## Score-driven models

Generalized Autoregressive Score (GAS) models, also known as Dynamic Conditional Score (DCS) models,

provide a general and entirely practical framework for the modeling of time variation in parametric models.

Time-varying parameters can be volatilities, correlations, default probabilities, loss-given-default, rating transition intensities,

the speed at which a central bank buys assets, macro or term structure factors, etc.

A brief review of the key idea is here. Computer code is available from the www.gasmodel.com website.

## Clustering multivariate panel data

Banks are highly heterogeneous, differing widely in terms of size, complexity, organization, activities, funding choices,

and geographical reach. LSS (2018, JBES) cluster a multi-dimensional array of bank data into different bank business model groups.

Example computer code illustrating the approach is available here.

## Mixed-measurement dynamic factor models

Occasionally one may be interested in studying the joint variation across panel data observations for which different families of

conditional distributions are appropriate. For example, CSKL (2014, REStat) consider the joint modeling of firm rating and default

transitions (dynamic logit), macro-financial observations (normal), and loss-given-defaults (beta distribution). In bad times, defaults

and downgrades are systematically up, macros are down, and losses given default are high.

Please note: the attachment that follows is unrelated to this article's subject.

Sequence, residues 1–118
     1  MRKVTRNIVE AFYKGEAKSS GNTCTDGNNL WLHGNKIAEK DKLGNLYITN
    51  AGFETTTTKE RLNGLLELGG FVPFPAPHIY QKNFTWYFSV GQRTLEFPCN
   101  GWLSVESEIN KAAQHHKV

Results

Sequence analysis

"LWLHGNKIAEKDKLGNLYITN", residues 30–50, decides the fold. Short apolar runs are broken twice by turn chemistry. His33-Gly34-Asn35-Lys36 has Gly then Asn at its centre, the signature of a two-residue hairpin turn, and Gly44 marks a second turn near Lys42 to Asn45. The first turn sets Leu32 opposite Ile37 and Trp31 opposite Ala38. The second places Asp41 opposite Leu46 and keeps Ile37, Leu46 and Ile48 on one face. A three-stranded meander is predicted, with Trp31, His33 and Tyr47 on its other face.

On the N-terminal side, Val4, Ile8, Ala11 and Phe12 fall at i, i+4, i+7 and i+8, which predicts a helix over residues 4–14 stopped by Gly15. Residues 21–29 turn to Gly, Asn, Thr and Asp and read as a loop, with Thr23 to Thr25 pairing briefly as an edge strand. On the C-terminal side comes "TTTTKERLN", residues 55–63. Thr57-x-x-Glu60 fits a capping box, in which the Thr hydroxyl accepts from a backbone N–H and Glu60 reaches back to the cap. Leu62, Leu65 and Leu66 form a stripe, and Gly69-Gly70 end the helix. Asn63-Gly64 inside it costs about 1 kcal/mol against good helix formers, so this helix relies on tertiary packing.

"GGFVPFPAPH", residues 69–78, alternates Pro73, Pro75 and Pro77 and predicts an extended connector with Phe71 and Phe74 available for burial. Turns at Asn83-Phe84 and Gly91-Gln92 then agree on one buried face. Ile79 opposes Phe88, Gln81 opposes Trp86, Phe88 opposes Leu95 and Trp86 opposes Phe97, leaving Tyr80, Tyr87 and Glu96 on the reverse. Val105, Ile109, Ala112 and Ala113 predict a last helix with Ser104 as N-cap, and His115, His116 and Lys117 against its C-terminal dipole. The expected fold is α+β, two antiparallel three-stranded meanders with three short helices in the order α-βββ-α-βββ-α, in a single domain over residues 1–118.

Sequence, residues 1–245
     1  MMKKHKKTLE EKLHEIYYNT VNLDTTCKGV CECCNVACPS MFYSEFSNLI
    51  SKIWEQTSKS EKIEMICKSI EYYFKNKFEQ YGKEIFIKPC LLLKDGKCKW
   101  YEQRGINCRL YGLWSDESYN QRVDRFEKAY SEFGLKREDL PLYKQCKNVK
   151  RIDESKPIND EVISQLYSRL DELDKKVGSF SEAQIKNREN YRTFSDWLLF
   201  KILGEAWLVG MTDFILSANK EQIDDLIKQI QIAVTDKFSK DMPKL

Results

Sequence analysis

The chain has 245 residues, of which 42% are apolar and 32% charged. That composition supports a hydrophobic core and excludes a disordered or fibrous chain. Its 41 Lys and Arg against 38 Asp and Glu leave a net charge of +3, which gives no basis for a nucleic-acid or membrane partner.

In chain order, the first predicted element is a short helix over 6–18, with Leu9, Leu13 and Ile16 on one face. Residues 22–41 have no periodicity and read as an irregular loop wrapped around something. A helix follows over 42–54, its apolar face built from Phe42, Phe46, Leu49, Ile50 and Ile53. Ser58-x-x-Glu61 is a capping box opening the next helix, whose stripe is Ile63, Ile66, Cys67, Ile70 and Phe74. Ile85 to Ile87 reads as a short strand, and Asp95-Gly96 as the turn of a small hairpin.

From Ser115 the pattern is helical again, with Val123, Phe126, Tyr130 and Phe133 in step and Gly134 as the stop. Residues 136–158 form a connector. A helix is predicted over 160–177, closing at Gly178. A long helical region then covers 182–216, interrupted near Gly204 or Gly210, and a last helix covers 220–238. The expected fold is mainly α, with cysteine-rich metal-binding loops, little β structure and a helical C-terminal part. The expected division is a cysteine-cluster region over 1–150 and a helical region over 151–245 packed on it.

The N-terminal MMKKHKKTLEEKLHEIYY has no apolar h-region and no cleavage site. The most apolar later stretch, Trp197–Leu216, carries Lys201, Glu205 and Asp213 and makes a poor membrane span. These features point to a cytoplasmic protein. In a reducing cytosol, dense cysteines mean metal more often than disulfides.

Ox code for the CSKL observation-driven mixed-measurement dynamic factor model is here.

KLS (2012, JBES) introduce parameter-driven mixed-measurement dynamic factor models. Such MM-DFMs were subsequently

applied in e.g. SKL (2014, IJF) and SKL (2017, JAE). This Ox code refers to SKL (2017, JAE).

## Non-Gaussian credit risk models in state space form

Credit risk conditions vary substantially over time, up to an order of magnitude.

Standard portfolio credit risk and stress testing models that relate the variation in pd's to ratings and easily observed

macro-financial observations tend to fit and forecast badly, in particular in times of stress when they are needed most.

The addition of a latent factor is a practical way to study and capture the observed (excess) clustering in non-Gaussian data.

This Ox code replicates the simulation results in KLS (2011, JoE).

Non-Gaussian features are furthermore occasionally appropriate to "robustify" the econometric study of heavy tailed data

from financial markets. As one approach, ES (2016, JFE) applies a factor model with t-distributed error terms instead of Gaussian ones.